Greatest NBA Finals performance no one talks about

Tim Duncan wins his 2nd of five NBA championship rings in 2003.
Tim Duncan wins his 2nd of five NBA championship rings in 2003.
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Tim Duncan won his 2nd of five championship rings in 2003. In the series clincher his stat line read 21 points, 20 rebounds, 10 assists, and 8 blocks but he actually had recorded a quadruple double. The proof is in the video from game 6 of the NBA Finals against the New Jersey Nets.

The greatest power forward of all-time

Tim Duncan's five rings lead the resume for the greatest power forward of all-time.

Tim Duncan is the greatest power forward in NBA history bar none. From his smoothness to his defense, the St. Croix native is a two time NBA MVP and a 3-time NBA Finals MVP.

He has been selected 15 times as an NBA All-Star, All-NBA selection and to the All-Defensive team. Out of those All-NBA teams, he was named to the First Team ten times and he’s an eight time 1st Team All-Defense too.


He was NBA Rookie-of-the-Year in 1997 and All-Star Game MVP in 2000. Timmy was inducted into the Naismith Memorial Hall-of-Fame in 2021.

Tim Duncan Rings

Tim Duncan has won five NBA championship rings in six NBA Finals appearances. Winning his first four Finals trips in 1999, 2003, 2005, and 2007. He won NBA Finals MVP in his first three Finals appearances.

Tim Duncan became the backbone of Gregg Popovich’s San Antonio Spurs on day one when he was drafted with the first overall selection in the 1997 NBA Draft out of Wake Forest University.

It only took until his 2nd season in the NBA for Tim Duncan to start winning rings and becoming known as one of the most talented and skilled power forwards in NBA history.

The Finest Moment

in 2003, Tim Duncan captured the 2nd of his five rings.

Tim Duncan was going for his 2nd ring entering the 2002-03 season. It had been four years since “The Big Fundamental” had led the San Antonio Spurs to the 1999 NBA championship.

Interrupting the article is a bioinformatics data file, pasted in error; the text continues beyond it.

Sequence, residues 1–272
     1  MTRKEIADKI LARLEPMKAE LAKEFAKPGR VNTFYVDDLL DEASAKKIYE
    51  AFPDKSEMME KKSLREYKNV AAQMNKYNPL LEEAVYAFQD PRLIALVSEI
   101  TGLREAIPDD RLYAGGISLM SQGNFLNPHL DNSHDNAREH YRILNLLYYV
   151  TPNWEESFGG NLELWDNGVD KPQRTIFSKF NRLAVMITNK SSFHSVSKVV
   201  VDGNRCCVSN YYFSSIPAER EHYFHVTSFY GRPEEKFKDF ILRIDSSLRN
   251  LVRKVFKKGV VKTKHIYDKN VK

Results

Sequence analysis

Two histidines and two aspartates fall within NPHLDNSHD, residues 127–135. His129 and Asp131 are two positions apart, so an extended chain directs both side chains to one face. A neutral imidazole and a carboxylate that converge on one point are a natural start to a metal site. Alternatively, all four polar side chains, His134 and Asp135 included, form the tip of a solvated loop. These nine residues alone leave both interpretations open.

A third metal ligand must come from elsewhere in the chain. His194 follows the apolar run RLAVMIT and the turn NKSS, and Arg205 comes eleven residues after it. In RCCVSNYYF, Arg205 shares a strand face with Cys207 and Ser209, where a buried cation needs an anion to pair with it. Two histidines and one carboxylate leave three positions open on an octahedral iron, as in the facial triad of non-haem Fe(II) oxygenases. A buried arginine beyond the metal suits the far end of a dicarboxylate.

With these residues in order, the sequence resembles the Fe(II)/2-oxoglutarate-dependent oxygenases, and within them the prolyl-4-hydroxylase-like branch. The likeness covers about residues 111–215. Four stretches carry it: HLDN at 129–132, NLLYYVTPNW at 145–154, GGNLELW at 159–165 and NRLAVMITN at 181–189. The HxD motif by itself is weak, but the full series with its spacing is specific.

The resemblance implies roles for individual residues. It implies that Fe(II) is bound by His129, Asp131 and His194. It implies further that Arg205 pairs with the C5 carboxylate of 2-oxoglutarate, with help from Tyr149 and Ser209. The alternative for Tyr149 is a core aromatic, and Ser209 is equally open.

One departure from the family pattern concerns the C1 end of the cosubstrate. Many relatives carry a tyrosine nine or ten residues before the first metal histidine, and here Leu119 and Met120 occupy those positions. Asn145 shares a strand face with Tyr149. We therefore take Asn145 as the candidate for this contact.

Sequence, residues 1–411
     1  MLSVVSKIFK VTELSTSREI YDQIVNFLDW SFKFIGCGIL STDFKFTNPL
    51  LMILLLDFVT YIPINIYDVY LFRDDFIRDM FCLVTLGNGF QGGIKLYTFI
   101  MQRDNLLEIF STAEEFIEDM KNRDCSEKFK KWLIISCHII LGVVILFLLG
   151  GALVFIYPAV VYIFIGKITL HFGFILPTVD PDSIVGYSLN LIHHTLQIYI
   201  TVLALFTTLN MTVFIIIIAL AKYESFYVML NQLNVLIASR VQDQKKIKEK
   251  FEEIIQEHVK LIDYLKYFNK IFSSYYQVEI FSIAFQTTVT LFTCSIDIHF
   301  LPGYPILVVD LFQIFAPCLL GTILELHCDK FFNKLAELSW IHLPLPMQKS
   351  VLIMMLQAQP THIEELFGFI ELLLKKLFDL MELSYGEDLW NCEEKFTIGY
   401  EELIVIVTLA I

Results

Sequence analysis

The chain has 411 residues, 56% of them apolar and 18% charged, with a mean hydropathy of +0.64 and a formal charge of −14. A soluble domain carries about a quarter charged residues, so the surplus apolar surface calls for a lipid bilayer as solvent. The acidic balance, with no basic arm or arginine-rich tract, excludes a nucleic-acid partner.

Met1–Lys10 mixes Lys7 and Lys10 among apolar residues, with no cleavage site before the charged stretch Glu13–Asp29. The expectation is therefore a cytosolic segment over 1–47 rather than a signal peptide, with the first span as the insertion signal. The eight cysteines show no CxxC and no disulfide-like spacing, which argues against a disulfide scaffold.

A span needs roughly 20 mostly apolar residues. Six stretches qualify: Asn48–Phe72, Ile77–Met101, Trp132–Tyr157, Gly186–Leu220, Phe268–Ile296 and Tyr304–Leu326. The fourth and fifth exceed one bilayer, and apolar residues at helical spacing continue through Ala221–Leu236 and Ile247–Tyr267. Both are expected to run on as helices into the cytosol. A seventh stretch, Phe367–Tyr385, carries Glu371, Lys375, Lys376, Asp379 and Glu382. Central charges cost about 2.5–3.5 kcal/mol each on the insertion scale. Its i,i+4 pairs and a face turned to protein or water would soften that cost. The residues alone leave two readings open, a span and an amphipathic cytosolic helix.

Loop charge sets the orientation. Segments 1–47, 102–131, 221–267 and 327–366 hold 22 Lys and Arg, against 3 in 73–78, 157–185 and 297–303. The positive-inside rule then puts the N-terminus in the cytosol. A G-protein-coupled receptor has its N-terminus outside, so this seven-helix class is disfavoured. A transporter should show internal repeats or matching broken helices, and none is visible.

In 2003, you were seeing the best power forward to ever play the game at the pinnacle of his greatness. Duncan was the current NBA MVP, winning the award in back-to-back seasons. (2002-2003)

From his rookie season until 2004-05, Tim finished in the top five in MVP voting each and every season. Winning the MVP or being the runner-up, four straight seasons from 2001-2004.


Tim Duncan being defended by Shaquille O'Neal.

The Los Angeles Lakers were back in the playoffs and looking for a fourth straight NBA championship in the spring of 2003. Kobe Bryant & Shaquille O’Neal’s Lakers had eliminated the Spurs in both 2001 & 2002. San Antonio only managed one victory against these Lakers in the playoffs in those seasons.

Duncan’s Spurs got swept in 2001 and lost 4-1 in 2002. When these two Western Conference powers met for the third straight year in the 2003 playoffs, “The Big Fundamental” would get his revenge, forcing Los Angeles to abdicate its crown.

Duncan averaged 28.0 points-per-game, 11.8 rebounds, 4.8 assists, 1.3 blocks in the six game Western Conference Semi-Finals victory.

2003 NBA Finals

Tim Duncan won his 2nd of five championship rings in 2003.

Tim Duncan’s quest for rings continued in 2003 as the Spurs faced off with the repeat Eastern Conference champion New Jersey Nets.

The Spurs took a 3-2 series lead and then in game 6, Tim Duncan put on one of the greatest single game NBA Finals clinching performances of all-time. His line ran up looked like 21 points, 20 rebounds, 10 assists, 8 blocks.

Tim Duncan came close to registering a quadruple double or was his triple double actually a quadruple double?

Quadruple Double

In 2003, Tim Duncan picked up the 2nd of his five NBA championship rings with a triple double that was just two blocks short of a quadruple double.

When I set out to write this I didn’t know that Timmy actually had a quadruple double but after reviewing the footage I now agree that he was robbed out of two blocks and had 10 in this championship clinching game.


the mistakes

The two mistakes on calls came within a couple minutes of each other, the first was at 6:43 left in the 3rd quarter, a Kerry Kittles layup that was ruled as a deflection. With closer inspection, it’s obvious Kittles was shooting and was denied on his attempt by Duncan at the basket.

The second missed block was actually a recorded block, just to the wrong player. David Robinson was given credit for a block on Kenyon Martin but it is quickly identified that Tim Duncan had his hand on top of the ball before “the Admiral” did.

Duncan’s official stat line is legendary but the quadruple double that he should’ve had, would’ve been next level special. Regardless this legendary player had a historic career and even though this is only one game, it’s maybe his finest ever, given what was at stake.

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